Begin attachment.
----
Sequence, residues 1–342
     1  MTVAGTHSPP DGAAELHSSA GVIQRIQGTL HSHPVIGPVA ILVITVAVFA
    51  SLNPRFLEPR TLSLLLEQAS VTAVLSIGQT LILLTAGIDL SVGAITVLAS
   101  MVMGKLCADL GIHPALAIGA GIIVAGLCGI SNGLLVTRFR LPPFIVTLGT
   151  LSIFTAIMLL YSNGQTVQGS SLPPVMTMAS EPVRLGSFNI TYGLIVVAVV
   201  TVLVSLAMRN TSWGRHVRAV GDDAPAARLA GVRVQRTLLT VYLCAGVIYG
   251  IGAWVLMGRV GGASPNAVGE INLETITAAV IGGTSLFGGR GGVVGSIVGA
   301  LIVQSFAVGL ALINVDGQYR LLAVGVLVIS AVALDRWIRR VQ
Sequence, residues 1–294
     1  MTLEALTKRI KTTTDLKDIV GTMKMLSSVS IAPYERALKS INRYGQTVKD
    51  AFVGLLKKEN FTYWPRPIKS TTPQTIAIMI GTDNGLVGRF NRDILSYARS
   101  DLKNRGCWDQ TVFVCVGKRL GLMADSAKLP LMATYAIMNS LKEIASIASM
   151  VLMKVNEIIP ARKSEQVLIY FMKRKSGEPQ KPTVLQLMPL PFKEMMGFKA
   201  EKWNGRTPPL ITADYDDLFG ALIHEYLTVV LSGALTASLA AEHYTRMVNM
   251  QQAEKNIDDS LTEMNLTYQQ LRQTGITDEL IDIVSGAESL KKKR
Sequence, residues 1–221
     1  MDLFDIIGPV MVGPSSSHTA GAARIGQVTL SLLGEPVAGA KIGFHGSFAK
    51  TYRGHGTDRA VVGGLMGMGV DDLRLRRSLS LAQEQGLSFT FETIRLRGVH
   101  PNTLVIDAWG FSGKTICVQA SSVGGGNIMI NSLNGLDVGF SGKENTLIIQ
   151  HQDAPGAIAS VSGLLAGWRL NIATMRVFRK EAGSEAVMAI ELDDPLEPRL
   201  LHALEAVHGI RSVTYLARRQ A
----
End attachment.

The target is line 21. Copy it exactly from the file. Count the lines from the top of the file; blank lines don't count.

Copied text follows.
   201  LHALEAVHGI RSVTYLARRQ A